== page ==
Testing and Treatment: What Actually Happens?

Chlamydia and Gonorrhea: A doctor or nurse can test for these with a urine sample. Sometimes they might take a sample from the vagina or penis. If your test comes back positive, a doctor will give you antibiotics and information for treatment and give advice on talking with your current or recent sex partners.

Syphilis: Some folks might have rapid responses to a syphilis infection, but not everyone. The longer syphilis goes undiagnosed, the more damage it can have on your body, especially if you’re pregnant. A doctor or nurse can test for this with a blood, body fluid, or tissue sample test. Once a case is confirmed, treatment (penicillin) begins, but it doesn’t undo damage already done, so it’s important to get treated as early as possible.

It can be scary to think about getting tested  but the process  is pretty simple once you break it down and luckily, if you test positive for SCG, they can all be cured with antibiotics. Women under 25 should get tested once a year and women over the age of 25 should get tested with each new sex partner or if you have more than one partner. Men (gay, bisexual, and heterosexual) should also get tested for SCG annually, especially if they have unprotected sex, multiple new partners, or both.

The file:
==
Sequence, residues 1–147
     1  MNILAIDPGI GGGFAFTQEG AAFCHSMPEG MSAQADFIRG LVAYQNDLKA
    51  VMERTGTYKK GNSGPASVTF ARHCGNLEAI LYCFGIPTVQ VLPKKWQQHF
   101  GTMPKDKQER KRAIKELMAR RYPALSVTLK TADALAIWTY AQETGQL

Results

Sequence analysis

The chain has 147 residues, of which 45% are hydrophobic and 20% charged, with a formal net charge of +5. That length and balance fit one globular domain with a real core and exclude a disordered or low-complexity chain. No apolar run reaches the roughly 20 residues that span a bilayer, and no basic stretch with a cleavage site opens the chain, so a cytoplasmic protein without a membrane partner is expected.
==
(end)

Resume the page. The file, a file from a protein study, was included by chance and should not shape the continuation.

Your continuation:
The best way to avoid a sexually transmitted infection is through prevention! Using condoms and dental dams during vaginal, anal, or oral sex reduces the risk of getting STDs or passing them to your partner(s). Having frank discussions with your partners, friends, and other loved ones increases the likelihood that people will take care of their own health. And as always, your local Planned Parenthood health center and education teams are here to answer your questions and concerns!


1 CDC, National Surveillance Report, 2014

Breaking Down BV: Bacterial Vaginosis

By Candice